The characters of complainant and defendant were vigorously attacked in the oral argument. The testimony shows that complainant is an educated woman of literary attainments and culture, having, or claiming to have, an extensive and friendly acquaintance with men of great wealth, who are seeking financial ventures of a speculative character, and is exceedingly hopeful and somewhat visionary as to her ability to make a success of any enterprise which she attempts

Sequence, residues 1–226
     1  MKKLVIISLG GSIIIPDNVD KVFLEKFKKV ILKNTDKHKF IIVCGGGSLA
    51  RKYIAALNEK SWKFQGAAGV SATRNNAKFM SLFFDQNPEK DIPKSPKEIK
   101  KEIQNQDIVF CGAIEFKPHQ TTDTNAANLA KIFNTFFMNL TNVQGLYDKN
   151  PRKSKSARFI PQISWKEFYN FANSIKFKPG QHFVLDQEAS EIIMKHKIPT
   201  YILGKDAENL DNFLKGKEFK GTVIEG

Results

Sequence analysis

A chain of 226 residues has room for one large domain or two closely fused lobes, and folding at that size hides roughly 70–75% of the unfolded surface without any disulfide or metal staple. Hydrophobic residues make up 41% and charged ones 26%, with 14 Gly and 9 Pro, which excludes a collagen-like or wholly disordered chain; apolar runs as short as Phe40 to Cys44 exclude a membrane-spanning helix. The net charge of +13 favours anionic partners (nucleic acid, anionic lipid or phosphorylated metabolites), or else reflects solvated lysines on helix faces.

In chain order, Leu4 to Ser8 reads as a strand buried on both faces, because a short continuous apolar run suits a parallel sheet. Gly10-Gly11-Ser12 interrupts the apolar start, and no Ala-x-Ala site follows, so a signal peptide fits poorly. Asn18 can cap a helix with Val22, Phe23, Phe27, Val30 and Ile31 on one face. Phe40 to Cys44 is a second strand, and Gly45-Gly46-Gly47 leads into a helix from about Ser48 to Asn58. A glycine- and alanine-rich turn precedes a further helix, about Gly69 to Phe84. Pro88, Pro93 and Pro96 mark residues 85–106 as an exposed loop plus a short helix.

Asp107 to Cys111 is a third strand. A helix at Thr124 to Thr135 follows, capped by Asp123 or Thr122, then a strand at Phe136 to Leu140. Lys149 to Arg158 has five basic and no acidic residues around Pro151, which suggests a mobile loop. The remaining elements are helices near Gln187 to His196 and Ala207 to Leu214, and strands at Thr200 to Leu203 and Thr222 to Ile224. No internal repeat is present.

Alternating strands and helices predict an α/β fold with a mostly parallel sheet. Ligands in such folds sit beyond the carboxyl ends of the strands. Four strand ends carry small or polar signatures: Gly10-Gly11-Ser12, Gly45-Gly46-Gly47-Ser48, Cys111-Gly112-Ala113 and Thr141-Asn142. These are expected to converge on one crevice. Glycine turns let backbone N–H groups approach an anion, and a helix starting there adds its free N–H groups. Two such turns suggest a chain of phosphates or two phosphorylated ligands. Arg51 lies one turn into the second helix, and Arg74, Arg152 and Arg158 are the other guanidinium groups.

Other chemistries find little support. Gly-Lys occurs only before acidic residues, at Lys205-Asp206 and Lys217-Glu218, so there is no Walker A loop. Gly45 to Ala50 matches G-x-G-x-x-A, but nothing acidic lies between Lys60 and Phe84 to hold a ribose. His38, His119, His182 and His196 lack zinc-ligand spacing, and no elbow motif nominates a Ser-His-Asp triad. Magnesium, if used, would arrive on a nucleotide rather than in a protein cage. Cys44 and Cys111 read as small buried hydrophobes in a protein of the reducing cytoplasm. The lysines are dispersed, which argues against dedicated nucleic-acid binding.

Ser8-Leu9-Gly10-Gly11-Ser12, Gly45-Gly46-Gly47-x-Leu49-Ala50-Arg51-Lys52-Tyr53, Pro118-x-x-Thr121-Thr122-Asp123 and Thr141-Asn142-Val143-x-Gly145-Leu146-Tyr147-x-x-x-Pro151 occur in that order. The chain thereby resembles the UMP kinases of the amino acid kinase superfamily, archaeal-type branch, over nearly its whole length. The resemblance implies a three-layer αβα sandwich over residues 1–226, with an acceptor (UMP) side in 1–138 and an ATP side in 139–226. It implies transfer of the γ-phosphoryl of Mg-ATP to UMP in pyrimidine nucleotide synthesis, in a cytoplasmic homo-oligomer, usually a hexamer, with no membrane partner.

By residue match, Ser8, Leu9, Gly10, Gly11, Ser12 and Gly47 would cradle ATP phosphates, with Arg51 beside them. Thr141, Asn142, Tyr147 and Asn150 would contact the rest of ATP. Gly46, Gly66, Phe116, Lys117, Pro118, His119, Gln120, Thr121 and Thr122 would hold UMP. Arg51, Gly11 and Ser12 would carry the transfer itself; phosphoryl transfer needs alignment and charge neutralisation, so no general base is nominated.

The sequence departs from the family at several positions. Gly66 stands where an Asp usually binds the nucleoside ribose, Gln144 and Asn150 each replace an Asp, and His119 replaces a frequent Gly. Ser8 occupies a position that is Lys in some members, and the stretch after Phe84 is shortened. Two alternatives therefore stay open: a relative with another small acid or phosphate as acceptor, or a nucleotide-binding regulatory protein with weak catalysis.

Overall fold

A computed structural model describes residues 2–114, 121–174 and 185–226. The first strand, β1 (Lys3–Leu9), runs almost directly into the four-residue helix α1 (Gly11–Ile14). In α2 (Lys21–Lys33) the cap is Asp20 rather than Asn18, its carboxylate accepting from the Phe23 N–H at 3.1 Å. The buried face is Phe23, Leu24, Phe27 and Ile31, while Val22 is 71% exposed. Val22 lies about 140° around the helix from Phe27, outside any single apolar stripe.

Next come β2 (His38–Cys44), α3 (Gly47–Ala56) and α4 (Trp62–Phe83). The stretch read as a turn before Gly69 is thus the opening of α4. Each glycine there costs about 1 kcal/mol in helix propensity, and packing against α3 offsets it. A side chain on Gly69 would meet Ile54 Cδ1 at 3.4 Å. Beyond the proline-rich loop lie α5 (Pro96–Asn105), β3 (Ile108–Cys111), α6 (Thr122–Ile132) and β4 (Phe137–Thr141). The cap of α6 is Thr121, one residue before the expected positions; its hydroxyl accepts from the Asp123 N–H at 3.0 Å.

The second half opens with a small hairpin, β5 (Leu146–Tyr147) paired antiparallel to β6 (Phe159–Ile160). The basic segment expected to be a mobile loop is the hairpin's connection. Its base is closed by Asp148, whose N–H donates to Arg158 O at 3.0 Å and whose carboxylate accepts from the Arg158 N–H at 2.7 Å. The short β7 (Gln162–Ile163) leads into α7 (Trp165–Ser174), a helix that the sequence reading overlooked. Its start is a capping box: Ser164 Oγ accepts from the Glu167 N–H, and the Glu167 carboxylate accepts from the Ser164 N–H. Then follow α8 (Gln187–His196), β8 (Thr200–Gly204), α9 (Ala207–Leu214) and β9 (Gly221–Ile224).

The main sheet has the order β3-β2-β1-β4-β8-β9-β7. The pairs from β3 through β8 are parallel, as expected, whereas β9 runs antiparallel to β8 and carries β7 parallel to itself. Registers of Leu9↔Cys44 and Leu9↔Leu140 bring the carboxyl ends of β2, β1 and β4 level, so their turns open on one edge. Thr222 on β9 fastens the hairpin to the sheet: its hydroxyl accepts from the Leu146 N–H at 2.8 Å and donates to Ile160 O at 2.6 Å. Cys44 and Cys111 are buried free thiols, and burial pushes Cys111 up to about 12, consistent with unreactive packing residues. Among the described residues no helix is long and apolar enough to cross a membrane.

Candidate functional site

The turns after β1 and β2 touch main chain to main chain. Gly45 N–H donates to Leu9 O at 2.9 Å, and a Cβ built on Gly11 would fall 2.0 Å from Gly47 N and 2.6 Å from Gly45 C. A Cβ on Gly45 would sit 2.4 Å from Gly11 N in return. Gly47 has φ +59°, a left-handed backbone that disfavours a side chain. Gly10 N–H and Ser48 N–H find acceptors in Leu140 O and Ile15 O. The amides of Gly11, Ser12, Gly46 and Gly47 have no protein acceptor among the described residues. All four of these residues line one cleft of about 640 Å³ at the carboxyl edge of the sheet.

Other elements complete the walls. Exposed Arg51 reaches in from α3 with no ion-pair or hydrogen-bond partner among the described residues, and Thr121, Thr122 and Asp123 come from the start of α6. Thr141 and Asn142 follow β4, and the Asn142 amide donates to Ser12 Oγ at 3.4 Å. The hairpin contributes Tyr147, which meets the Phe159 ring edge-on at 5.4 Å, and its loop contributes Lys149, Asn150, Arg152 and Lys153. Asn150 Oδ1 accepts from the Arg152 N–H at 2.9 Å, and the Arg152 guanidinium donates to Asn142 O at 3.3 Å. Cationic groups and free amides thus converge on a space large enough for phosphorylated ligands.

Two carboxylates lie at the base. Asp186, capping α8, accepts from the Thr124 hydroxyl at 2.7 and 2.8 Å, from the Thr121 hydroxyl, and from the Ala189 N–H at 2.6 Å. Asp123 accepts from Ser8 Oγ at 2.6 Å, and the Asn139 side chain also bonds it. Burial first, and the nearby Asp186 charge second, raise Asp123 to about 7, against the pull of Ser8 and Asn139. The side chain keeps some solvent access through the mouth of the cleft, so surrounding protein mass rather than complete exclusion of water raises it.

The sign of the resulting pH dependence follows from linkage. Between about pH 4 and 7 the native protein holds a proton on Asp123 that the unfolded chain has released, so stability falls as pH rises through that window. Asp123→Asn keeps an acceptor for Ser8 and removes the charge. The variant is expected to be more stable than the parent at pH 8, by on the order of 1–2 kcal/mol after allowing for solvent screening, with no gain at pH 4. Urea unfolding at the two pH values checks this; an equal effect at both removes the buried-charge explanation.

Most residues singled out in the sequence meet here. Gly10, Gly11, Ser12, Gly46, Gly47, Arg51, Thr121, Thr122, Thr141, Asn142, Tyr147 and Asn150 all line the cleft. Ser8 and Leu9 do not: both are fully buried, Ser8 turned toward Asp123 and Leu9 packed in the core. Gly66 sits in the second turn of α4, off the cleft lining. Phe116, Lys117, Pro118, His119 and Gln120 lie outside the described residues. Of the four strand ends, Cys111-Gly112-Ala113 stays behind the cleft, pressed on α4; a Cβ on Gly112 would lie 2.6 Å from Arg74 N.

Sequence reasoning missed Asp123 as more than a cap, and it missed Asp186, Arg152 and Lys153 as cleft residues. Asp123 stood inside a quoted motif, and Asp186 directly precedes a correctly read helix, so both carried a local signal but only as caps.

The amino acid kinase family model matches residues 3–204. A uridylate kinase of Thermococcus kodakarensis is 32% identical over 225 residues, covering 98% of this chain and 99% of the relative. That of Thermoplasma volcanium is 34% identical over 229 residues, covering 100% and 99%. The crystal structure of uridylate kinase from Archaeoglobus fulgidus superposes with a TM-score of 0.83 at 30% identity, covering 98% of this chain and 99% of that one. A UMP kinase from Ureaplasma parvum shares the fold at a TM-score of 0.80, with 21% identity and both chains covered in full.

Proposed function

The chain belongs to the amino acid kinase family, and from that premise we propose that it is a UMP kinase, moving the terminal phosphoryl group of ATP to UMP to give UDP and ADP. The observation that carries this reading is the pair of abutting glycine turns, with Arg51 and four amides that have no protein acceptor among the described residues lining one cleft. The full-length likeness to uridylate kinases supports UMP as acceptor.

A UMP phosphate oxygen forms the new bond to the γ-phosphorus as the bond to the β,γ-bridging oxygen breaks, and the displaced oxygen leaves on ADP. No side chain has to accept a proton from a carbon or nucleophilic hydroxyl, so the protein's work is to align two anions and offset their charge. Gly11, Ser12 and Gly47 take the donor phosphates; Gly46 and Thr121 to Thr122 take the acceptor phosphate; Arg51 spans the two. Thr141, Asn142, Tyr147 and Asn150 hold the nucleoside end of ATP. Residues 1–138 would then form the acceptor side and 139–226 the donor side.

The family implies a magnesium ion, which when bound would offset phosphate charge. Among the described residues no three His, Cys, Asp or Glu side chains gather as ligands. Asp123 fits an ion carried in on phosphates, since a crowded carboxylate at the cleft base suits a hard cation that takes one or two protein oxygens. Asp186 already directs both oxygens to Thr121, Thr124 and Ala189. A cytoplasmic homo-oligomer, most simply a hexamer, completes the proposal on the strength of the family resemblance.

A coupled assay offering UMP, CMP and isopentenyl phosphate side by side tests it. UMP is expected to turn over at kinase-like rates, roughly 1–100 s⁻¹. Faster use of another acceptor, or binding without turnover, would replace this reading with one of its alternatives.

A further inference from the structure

to carry out. The defendant is a rough, frontier backwoodsman, a pioneer miner of skill and experience, a shrewd and sharp man in making trades, somewhat illiterate, very profane, and prone to talking extravagantly as to the value of his mines and general prospects. Neither of the parties seems to have been possessed of much ready means. Both were in debt. Complainant relied upon rich relatives and friends, and claims that she had an influence whereby she could raise the money to comply with her agreement. Her counsel claim that defendant was in absolute poverty, and his family in want, and that he depended solely upon complainant to prosecute the work upon the mining properties. There are many discrepancies in the testimony of both parties. The testimony shows that defendant had expended from ten to fifteen thousand dollars in prospecting, locating, exploring, and developing mining claims in Robinson and Osceola mining districts; that while he was mines-poor, he always managed to make a fair living for himself and family, and provided them with a reasonably comfortable country home, with sufficient furniture and all the necessaries of life. He was what might be termed an “energetic rustler," and when his money became exhausted in the attempt to develop his mines he turned his attention to trading in cattle and other stock, and thereby managed at all times to provide a living for himself and family. During the year 1888, and up to the time when the correspondence between the parties ceased, in the fall of 1889, work was being prosecuted by the defendant on several of his mines, and some ore extracted therefrom, and reduced to bullion. No account of the money thus expended or received was kept by defendant. No request was ever made upon the part of the complainant to have any account kept or rendered. In the state court, where this cause was originally commenced, complainant alleged that the contract upon which the suit is based was made in 1884. After the case was transferred to this court, a reformed complaint was filed, upon which the case was tried, alleging that the contract was made in February, 1888. Both complaints were verified. The strongest testimony assailing the character of the defendant is in relation to the manner in which he obtained $4,000, advanced by Mrs. Ashley at 'complainant's request, upon the representation of defendant that his property was "in soak," and would be lost unless $5,000 was advanced to him without delay. Defendant admits that he wrote a letter to that effect to complainant, and that it was not entirely true, but says he made the representation at complainant's request, which she emphatically denies. According to her testimony, defendant was clearly guilty of obtaining this money by false pretenses. According to his testimony, she put up the job, and instructed him how to write, so as to deceive other parties. His conduct in relation to this transaction was extremely reprehensible, to say the least, under any view that can possibly be taken of the testimony. There is the usual conflict as to how the money thus obtained was to be used; defendant connecting it with the bond for the sale of the copper claims as an advance payment; complainant testifying that it was to be used for the purpose of carrying out the agreement made in February, 1888. She, however, admits that it was a loan, and claims that the money was to